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From the INTRODUCTION.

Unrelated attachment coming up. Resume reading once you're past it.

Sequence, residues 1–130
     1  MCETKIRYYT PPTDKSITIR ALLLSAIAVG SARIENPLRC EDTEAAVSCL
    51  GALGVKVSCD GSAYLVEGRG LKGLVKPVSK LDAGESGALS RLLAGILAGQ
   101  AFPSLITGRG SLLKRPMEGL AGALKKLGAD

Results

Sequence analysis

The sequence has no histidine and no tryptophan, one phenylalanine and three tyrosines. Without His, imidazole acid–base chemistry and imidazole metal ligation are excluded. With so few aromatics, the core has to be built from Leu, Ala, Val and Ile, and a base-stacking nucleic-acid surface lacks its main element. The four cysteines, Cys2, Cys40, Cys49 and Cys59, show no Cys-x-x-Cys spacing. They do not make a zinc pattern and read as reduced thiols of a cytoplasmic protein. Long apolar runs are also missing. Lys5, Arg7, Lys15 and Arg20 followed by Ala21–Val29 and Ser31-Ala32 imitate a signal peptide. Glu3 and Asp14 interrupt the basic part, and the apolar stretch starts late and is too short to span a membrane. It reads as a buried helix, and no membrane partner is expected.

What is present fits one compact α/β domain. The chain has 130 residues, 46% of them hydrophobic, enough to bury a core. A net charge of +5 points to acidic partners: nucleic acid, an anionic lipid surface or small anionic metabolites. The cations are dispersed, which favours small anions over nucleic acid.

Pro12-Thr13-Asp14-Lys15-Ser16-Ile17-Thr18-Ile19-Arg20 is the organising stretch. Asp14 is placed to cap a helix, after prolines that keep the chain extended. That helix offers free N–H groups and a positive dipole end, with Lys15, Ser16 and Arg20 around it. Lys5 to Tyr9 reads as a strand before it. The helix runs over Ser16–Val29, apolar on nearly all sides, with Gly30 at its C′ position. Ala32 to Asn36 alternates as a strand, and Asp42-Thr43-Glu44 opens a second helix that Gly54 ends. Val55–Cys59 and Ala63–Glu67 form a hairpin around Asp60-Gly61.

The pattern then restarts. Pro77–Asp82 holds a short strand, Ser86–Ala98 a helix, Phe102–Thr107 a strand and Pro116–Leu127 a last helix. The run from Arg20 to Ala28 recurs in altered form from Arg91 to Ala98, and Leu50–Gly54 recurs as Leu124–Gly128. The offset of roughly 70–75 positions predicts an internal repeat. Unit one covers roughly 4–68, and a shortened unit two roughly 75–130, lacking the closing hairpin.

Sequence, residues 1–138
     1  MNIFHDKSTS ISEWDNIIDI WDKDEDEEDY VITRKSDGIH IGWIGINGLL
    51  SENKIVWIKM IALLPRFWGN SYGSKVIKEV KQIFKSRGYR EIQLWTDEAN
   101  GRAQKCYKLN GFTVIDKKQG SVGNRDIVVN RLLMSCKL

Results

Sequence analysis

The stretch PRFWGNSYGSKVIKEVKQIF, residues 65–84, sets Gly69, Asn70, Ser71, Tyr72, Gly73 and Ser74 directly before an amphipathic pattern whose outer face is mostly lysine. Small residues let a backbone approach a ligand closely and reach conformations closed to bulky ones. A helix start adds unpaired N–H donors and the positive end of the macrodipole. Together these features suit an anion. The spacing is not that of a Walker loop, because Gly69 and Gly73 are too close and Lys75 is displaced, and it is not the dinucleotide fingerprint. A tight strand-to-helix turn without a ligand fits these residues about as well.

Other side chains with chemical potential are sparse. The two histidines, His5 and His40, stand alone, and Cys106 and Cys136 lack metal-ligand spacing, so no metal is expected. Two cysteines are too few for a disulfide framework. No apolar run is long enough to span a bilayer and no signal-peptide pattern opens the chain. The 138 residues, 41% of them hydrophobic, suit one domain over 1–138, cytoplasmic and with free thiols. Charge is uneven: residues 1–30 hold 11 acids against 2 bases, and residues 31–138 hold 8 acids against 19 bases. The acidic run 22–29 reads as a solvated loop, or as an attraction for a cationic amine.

The method adopted in this work is to give to each word, or musical term, the pronunciation peculiar to the language to which it belongs. It is admitted that it is not unfrequently impossible to express with precision the native pronunciation of foreign languages with English letters, but even in such cases much will be gained by an approximation to the true sound. For the sake of brevity the English terms are, for the most part, only defined, without adding the pronunciation. One of the most difficult as well as important of the points to be made is that of placing the accent upon the proper syllable. But it is to be borne in mind that in most of the European languages the stress of voice is not thrown so exclusively upon a single syllable as it is in English; and, as a natural consequence, the unaccented syllables are almost invariably pronounced more distinctly than by us. This is especially true in the Italian; French and Spanish languages. In important cases accent is indicated in the word, as pronounced, by placing the accented syllable in Italics. In the Latin and Greek languages it has been deemed advisable to follow what is known as the Continental pronunciation, in preference to the English pronunciation which is adopted in some of our principal Colleges; since it is only by this means that we can conform at all to the usual pronunciation of the same terms by the principal European nations. In this connection it is proper to add, that the Latin words employed in the Catholic church service, as in the Mass, etc., are frequently made to conform to the Italian mode of pronunciation. Thus: Dominus, Dom-e-noos; pacem, pä-tshem; etc. ; but as this system has not been universally adopted by the church choirs of this country, it has seemed best to preserve a uniformity in the pronunciation of all Latin or Greek words, and accordingly no such distinction has been made. In the preparation of this work, the aim has been rather to practical utility than to great fullness and extent, and no hesitation was felt in discarding over two thousand (so called) musical terms which have appeared in recent publications, as being both useless and illegitimate.
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